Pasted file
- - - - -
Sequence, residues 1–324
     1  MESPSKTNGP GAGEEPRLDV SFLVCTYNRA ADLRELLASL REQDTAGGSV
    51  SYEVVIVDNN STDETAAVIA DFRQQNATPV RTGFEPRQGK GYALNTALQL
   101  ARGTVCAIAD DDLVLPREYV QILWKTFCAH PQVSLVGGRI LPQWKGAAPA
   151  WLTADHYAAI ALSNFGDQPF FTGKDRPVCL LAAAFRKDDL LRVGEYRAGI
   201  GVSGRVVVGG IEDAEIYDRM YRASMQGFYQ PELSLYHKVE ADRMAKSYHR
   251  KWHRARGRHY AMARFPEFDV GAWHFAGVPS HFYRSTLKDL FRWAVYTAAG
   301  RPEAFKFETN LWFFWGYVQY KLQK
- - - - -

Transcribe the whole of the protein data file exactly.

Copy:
Sequence, residues 1–324
     1  MESPSKTNGP GAGEEPRLDV SFLVCTYNRA ADLRELLASL REQDTAGGSV
    51  SYEVVIVDNN STDETAAVIA DFRQQNATPV RTGFEPRQGK GYALNTALQL
   101  ARGTVCAIAD DDLVLPREYV QILWKTFCAH PQVSLVGGRI LPQWKGAAPA
   151  WLTADHYAAI ALSNFGDQPF FTGKDRPVCL LAAAFRKDDL LRVGEYRAGI
   201  GVSGRVVVGG IEDAEIYDRM YRASMQGFYQ PELSLYHKVE ADRMAKSYHR
   251  KWHRARGRHY AMARFPEFDV GAWHFAGVPS HFYRSTLKDL FRWAVYTAAG
   301  RPEAFKFETN LWFFWGYVQY KLQK